How to take care of your chickens
When people speak of religious books, oftentimes they think of tomes of myths or hymns, serious in tone and with no other practical use than to spread the word of a particular deity.
How to take care of your chickens is not that kind of religious book.
Belinda is not like other deities. As the other deities have grand tomes of how splendid Their actions have been, the Goddess of Death and Chickens has no such thing. Her holy book is more an instructional guide on how to take care of Her children, the chickens, than a collection of myths. The book does include discussions around topics on chicken keeping seen in a religious way, however.
As the prophet Dheiku was visited in his dreams by the goddess Belinda and got the holy task of spreading Her word, he realized it would be wise to write the words down. This was both done to make the words easier to spread and to make the words outlive Dheiku himself. Additionally, word of mouth might change the mening behind the words in a way that might not happen if the words were written down.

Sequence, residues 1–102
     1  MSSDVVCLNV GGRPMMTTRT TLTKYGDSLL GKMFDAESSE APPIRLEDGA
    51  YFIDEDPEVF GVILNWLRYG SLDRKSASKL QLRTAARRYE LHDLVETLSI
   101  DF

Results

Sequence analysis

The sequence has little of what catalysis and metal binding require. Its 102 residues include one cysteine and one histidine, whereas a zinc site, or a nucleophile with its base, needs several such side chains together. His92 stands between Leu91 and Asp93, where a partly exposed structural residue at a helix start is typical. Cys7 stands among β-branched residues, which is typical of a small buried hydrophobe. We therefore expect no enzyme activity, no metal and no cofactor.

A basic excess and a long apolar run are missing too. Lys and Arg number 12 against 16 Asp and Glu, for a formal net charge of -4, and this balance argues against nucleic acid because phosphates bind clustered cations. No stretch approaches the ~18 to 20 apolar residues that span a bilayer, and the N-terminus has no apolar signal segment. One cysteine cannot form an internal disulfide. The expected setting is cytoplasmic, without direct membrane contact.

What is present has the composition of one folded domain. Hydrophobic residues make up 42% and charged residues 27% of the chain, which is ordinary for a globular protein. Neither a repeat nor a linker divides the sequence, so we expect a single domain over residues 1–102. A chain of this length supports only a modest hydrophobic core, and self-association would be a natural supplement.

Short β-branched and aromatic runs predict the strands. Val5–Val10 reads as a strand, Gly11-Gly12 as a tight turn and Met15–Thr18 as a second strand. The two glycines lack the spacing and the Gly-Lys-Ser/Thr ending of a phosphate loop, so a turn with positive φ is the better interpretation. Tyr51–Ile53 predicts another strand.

The first edition of this book was hand-written by Dheiku himself, and over the next decade he hand-copied another four copies. These were distributed to interested travelers to spread the word further than Dheiku could on his own. Some other hand-made copies were made from these copies as more people saw the practical use of having one such book in each community, and after about two centuries the book had spread all over the country.
How to take care of your chickens was one of the first books to get mass-produced when the printing press was invented.
In the beginning the book got a lukewarm response. Everyone knew how to take care of chickens, after all. Though, it soon became clear that the book didn't only describe the ordinary care of chickens, but also how to tend to sick chickens, and what kinds of sicknesses were possible to recover from or not. As this became more known among the general population, the number of copies rose - though, this was after Dheiku's time. He never lived long enough to see his book become popular.